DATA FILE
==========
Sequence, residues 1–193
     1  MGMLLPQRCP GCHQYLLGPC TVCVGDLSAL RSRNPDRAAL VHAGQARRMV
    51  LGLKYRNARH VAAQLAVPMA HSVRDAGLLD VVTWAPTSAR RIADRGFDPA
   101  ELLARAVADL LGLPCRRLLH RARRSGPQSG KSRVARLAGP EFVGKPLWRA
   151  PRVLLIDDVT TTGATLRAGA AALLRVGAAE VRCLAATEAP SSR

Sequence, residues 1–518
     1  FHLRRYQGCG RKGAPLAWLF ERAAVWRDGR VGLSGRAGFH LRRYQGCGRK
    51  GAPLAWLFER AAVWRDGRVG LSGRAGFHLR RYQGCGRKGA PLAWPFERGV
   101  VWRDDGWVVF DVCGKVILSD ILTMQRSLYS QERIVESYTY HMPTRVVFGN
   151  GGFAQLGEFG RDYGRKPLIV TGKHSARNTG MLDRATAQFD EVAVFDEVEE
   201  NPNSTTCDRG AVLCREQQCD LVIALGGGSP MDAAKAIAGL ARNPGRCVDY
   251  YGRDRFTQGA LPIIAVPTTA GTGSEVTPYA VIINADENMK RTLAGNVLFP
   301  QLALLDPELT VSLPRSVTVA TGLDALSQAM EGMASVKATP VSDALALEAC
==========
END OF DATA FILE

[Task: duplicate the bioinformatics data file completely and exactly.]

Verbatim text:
Sequence, residues 1–193
     1  MGMLLPQRCP GCHQYLLGPC TVCVGDLSAL RSRNPDRAAL VHAGQARRMV
    51  LGLKYRNARH VAAQLAVPMA HSVRDAGLLD VVTWAPTSAR RIADRGFDPA
   101  ELLARAVADL LGLPCRRLLH RARRSGPQSG KSRVARLAGP EFVGKPLWRA
   151  PRVLLIDDVT TTGATLRAGA AALLRVGAAE VRCLAATEAP SSR

Sequence, residues 1–518
     1  FHLRRYQGCG RKGAPLAWLF ERAAVWRDGR VGLSGRAGFH LRRYQGCGRK
    51  GAPLAWLFER AAVWRDGRVG LSGRAGFHLR RYQGCGRKGA PLAWPFERGV
   101  VWRDDGWVVF DVCGKVILSD ILTMQRSLYS QERIVESYTY HMPTRVVFGN
   151  GGFAQLGEFG RDYGRKPLIV TGKHSARNTG MLDRATAQFD EVAVFDEVEE
   201  NPNSTTCDRG AVLCREQQCD LVIALGGGSP MDAAKAIAGL ARNPGRCVDY
   251  YGRDRFTQGA LPIIAVPTTA GTGSEVTPYA VIINADENMK RTLAGNVLFP
   301  QLALLDPELT VSLPRSVTVA TGLDALSQAM EGMASVKATP VSDALALEAC